Monday's gag is dedicated to my cartooning colleagues. Most of us probably heard comments about applying ourselves our whole lives. I'm fairly certain that phrase turned up on a few of my old report cards.
One of the most enjoyable aspects of my job doing the daily Bizarro is having Dan Piraro as collaborator and editor. Early in the week, I create a pile of cartoon sketches and send them to Dan so we can discuss them and decide which ones make the cut. My first sketch of this one showed the Little Engine with a cigarette drooping from his mouth.
Dan suggested we move his cigarette to the rim of the smokestack, which gave us even more room for a lazy wisp of smoke. It's a small, but brilliant revision.
By the way, little engines make terrible pets, and are very hard on furniture.
There was some online speculation regarding what type of car is depicted in this comic. It bears a passing resemblance to a Volvo P1800, but perhaps this tag found in the glove box offers a clue:
|(Posted with apologies to my fellow Italian-Americans)|
Mama Calamari knows best, but kids rarely listen.
A friend of mine noted that the young squid was considerably more scared in the strip layout.
This gag features an old and very odd toy. They're still for sale, under the names Bug Out Bob and Panic Pete. The comments and questions on the Amazon product pages are worth checking out.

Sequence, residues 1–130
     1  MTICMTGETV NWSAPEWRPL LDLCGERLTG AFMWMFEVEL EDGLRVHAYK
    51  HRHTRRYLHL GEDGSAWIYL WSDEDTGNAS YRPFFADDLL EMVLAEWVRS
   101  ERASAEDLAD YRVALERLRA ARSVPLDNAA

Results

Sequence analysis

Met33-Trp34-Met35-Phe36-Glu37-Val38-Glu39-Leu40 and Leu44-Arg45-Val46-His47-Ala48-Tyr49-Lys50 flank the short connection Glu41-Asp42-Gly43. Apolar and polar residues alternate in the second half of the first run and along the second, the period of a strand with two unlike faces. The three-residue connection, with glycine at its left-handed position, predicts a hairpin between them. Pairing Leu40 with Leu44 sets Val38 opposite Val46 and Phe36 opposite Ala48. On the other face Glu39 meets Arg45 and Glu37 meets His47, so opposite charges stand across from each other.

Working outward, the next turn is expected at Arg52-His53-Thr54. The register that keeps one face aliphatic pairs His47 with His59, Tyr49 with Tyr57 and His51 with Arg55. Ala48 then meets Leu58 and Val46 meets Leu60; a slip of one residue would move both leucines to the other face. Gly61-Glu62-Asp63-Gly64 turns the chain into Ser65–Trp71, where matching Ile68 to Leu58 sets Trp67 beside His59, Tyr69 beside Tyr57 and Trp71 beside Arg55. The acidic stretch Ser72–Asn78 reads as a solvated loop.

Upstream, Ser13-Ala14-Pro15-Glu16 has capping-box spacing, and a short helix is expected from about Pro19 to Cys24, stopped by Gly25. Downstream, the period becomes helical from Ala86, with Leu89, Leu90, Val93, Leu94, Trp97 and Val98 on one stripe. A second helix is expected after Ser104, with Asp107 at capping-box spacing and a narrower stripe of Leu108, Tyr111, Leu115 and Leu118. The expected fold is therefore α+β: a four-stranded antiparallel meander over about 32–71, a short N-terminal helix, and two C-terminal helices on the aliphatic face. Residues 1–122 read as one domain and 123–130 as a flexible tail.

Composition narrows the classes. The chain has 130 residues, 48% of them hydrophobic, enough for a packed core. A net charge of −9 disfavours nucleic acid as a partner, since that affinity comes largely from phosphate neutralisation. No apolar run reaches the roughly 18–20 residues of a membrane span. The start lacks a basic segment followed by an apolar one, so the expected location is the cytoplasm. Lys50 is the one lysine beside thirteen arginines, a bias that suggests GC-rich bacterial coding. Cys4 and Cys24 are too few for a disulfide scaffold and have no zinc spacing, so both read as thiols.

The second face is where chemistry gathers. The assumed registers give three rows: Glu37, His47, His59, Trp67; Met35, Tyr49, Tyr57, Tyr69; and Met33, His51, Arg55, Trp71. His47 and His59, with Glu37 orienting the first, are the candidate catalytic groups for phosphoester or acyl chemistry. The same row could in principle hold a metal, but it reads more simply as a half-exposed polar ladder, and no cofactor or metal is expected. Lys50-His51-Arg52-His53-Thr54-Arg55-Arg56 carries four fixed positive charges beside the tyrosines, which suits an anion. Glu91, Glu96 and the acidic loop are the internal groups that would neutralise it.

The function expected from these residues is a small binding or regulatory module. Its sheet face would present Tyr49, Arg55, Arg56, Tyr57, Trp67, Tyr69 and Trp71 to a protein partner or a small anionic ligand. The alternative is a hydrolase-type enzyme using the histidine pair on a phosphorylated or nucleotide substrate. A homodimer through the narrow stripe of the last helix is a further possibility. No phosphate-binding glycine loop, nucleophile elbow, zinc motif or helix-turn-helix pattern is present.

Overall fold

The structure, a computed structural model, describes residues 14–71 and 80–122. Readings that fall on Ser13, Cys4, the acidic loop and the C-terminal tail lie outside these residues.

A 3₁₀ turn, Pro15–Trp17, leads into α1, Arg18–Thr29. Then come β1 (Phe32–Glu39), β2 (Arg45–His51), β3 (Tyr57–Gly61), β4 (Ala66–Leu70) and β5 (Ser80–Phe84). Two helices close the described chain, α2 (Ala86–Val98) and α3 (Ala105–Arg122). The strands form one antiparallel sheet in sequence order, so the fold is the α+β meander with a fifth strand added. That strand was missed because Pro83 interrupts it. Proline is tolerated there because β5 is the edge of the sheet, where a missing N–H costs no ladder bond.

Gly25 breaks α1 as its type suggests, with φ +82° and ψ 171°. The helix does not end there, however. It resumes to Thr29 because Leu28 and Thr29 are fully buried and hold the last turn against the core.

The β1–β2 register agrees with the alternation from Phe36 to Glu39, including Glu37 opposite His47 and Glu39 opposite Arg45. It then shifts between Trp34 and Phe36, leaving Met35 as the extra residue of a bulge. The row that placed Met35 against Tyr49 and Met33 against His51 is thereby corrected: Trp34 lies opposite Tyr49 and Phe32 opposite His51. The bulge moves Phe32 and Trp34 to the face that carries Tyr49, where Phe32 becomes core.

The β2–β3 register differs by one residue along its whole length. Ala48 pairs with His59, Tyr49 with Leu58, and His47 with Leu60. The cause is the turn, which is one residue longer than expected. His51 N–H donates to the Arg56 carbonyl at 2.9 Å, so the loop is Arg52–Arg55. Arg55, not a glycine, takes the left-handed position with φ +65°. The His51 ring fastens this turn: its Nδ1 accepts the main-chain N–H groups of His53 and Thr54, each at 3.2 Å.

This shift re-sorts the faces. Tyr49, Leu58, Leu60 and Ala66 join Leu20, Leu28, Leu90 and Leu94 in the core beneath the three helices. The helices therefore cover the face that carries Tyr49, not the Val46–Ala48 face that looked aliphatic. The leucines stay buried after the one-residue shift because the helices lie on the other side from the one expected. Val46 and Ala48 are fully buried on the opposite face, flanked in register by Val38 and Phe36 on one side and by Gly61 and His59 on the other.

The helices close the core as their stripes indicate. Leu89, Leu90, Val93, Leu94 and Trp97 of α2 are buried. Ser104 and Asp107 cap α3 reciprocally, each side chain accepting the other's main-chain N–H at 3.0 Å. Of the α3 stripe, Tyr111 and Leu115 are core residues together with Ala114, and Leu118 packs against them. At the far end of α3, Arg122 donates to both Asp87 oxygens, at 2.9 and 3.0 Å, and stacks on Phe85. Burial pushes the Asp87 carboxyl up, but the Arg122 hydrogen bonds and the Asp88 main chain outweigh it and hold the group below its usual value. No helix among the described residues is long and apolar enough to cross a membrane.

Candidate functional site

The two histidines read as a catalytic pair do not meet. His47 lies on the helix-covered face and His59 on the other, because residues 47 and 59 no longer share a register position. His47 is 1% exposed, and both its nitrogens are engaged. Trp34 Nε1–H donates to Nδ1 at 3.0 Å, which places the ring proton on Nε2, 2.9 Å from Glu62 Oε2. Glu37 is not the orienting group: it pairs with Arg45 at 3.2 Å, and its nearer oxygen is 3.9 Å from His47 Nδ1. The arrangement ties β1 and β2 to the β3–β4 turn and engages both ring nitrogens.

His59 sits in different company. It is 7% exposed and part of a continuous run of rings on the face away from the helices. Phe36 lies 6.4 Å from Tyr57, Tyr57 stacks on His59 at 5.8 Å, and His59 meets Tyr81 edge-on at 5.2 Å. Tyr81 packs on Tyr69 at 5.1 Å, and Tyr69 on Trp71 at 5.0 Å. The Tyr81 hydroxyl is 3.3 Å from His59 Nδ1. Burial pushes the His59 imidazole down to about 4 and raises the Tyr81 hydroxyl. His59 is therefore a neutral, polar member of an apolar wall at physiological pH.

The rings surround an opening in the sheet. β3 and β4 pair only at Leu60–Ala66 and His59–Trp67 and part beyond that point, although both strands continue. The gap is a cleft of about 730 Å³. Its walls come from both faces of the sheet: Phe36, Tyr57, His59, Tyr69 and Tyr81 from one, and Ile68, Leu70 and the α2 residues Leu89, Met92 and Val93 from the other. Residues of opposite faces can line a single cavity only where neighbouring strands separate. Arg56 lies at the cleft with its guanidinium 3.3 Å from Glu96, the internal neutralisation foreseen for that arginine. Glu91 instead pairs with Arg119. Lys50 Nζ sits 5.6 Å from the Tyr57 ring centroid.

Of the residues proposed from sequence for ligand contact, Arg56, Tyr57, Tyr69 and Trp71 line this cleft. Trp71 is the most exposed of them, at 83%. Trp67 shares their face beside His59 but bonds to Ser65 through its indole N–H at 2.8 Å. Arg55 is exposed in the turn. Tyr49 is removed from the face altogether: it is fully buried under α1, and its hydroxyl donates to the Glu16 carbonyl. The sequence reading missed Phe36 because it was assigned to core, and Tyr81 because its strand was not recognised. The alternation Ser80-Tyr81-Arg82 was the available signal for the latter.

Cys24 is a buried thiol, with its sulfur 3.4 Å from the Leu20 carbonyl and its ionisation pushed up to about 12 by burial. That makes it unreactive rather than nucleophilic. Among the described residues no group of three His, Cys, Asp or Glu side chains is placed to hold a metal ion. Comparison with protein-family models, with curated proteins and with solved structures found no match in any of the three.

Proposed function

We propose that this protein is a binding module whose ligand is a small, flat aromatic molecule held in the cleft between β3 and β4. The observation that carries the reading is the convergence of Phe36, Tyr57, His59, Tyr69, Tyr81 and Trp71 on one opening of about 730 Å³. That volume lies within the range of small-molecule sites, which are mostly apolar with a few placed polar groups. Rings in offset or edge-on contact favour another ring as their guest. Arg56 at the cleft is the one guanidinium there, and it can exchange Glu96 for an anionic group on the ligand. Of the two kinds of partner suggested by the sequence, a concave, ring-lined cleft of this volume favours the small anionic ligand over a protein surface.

Continuing our tradition of poking fun at superheroes, we extend our ridicule to the citizens of Metropolis, who always need three guesses to identify their most famous citizen. He finally had enough and confronted them about it, but they still look confused. It's no wonder the guy has identity issues.
We round out the week with a variation on a classic cartoon theme of a person crawling through the desert. I enjoyed drawing the buzzards.
This week, I hit a bit of a milestone in my new role here at Bizarro Studios North, and finished the 150th cartoon under my authorship.
The stack of 150 originals was lovingly placed in an archival storage box. Yes, I stamp the date on each original drawing and number it in the corner.
Putting the lid on the box reminded me to pause to thank Dan for trusting me to fill in the rectangle every day, and to thank every Bizarro reader for following, sharing, and commenting.
For even more behind the scenes commentary, pop on over to Dan's blog, and while you're there, gaze in wonder at his Sunday panel, and treat yourself to some Bizarro swag.
See you next week!